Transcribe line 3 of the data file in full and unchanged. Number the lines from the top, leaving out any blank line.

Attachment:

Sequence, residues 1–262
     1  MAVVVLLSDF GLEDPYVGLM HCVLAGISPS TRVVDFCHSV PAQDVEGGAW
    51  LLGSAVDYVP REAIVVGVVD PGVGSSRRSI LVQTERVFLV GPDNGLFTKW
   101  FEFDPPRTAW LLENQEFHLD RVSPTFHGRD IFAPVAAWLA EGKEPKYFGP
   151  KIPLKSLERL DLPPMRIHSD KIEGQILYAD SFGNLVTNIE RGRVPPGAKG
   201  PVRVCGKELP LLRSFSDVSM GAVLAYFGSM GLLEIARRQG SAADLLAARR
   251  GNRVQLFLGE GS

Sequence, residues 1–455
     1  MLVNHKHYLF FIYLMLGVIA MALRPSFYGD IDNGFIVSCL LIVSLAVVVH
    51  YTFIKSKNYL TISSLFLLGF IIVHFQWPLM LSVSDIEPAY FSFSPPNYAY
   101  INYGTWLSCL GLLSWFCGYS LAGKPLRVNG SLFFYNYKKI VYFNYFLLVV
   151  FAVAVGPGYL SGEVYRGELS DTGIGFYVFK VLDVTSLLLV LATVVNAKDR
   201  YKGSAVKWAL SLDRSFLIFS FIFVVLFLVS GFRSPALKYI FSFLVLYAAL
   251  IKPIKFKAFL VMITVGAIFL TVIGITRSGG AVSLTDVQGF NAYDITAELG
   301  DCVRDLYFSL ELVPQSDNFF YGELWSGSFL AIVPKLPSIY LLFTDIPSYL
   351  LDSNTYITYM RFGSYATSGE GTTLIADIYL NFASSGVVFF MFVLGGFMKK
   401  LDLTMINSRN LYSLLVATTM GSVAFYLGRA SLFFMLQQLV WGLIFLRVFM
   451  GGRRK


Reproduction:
    51  LLGSAVDYVP REAIVVGVVD PGVGSSRRSI LVQTERVFLV GPDNGLFTKW